Tuesday, April 14, 2009

Keeping Myself Busy

These last few months have been not only busy with regards to work, graduate courses, and the home front, but they've been extraordinarily stressful as well. The poor economy, coupled with workplace shenanigans, has everyone around here on edge, and in such an environment it's difficult to get anything meaningful accomplished.

And so it is that when I can't get my mind wrapped around Java code or Group Policy Orchestrator or disk imaging and deployment strategies, I turn to RPGs to find something to keep me occupied. As I've mentioned before, I'm a great fan of Google Docs - wherever I go, as long as I've got a reasonably stable Internet connection, my gaming "workbench" is there with me. I can pull up a project and get a few minutes of my own work done before getting back to my professional duties.

Right now I've got three main projects on the burners. The first is the Tankards & Broadswords Role-Playing Game. Right now I've got a fair-sized working draft that should be more or less complete by the end of the month. Running parallel to this is the T&B magic supplement, which I am explicitly keeping out of the "core rules", since I see T&B as easily applicable for historical gaming as well as fantasy, and to encourage this model I want to approach the game in a more modular fashion - treating things like magic, technology, and campaign settings as "plug-ins" to the core rules.

The third project I'm working on is a campaign setting for T&B - The Ancient and Venerable City-State of Aglos. More of a "mini-setting" than a true "world", Aglos is a big ol' fondue pot of pre-medieval flavors - a little bit of Rome, a little Greece, a touch of Persia, some Egypt, a smattering of Celt/Gaulic barbarism, and a sprinkling of other ancient classical cultures. Aglos is going to be a fairly low-magic setting, more of an "alternate Earth", perhaps vaguely along the lines of the world Gary Gygax created for his Setne Inhetep stories (The Anubis Murders, et al). Depending on how that project goes, I want to look at two other concepts - a Napoleonic Era setting and a campaign setting I've tenatively labeled "600 AD" - a very dark setting of chaos and turmoil in a post-Roman western Europe.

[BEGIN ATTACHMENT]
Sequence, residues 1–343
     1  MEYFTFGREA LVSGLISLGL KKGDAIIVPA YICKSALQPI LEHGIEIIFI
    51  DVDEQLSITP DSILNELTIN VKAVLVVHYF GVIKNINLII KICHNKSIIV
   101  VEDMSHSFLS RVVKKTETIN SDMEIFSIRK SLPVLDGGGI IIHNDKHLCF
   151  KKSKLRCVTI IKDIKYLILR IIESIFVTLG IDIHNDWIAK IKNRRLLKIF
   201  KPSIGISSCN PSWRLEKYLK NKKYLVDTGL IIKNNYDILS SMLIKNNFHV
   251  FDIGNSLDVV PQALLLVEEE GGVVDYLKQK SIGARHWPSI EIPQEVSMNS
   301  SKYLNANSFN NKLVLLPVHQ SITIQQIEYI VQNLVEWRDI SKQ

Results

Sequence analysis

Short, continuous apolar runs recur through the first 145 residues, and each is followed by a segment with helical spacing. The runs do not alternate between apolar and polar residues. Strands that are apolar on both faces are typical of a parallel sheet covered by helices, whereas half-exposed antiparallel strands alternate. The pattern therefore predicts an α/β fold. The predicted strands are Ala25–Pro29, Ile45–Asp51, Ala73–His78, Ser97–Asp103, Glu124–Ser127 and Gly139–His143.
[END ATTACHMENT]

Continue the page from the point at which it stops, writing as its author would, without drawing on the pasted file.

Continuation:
So that's the current list of what's "on deck". Coupled with this is some miniatures work in order to get a couple of small Field of Glory armies ready for the table, and a big push to get my 40K Ork army tidied up in time to take on the Imperial Guard this summer - I'll be "celebrating" the IG's new codex by slaughtering them in the hundreds.

Oh yeah...and there's programming homework and work work and taxes and all that other fun stuff...I'll get around to that sooner or later.


Joseph said...

So is your T&B RPG a retro-clone, retro-inspired, or something new? Sounds like it could be interesting.

Badelaire said...

Definitely not retro-anything.

The T&B RPG will probably have more in common with The Evil DM's Broadsword RPG, or Simon Washbourne's Barbarians of Lemuria, or the Iron Gauntlets RPG.

A few highlights:

* Characters are based around a Trio of Archetypes: Warrior, Rogue, and Scholar. Optional rules for non-archetypal characters are included.

* There are three groups of six skills, each associated with one of the three archetypes, ranked from 1 (Novice) to 6 (Master).

* When characters reach Professional and Master levels of competency, they can take Skill Focuses, which grant a bonus to rolls under certain situations.

* The game uses a Traveller-like mechanic of 2d + Skill, aiming to exceed a variable Break Point (either based on circumstances or an opposed roll).

* Damage is typically 1d + weapon bonus + Balance (how much you exceed the Break Point). This is reduced by armor (a static value), then the damage is applied to health.

* "Experience" is handled through Character Tokens, which allow you to purchase skills, Peril checks (basically saves), Status values (Renown, Infamy, Wealth), and Signature Gear (equipment you have every adventure).

* Money at the system level is handled through Treasure Tokens, an abstract measure of in-game currency. Your Wealth Status gives you Treasure Tokens at the beginning of every adventure to buy gear, and Equipment in the core rules uses Treasure Tokens for cost rather than "GP" or whatnot, in order to separate system from setting currency.

* The game is designed to facilitate episodic adventure play rather than a linear campaign progression. While individual sessions might move along linearly, each "adventure" might be separated by days, weeks, or even years.

* Rules for "Intermissions" can allow for events between adventures to have a direct impact on play - characters can gain skills, status values, treasure, information, and even allies or enemies in between games.

* Eventually various "plug-ins" for magic and/or supernatural abilities will give a number of options for GMs to decide what sort of magic they want to implement in their campaigns.

Feel free to offer up any additional comments or questions!

Ragnorakk said...

Can't wait to see this!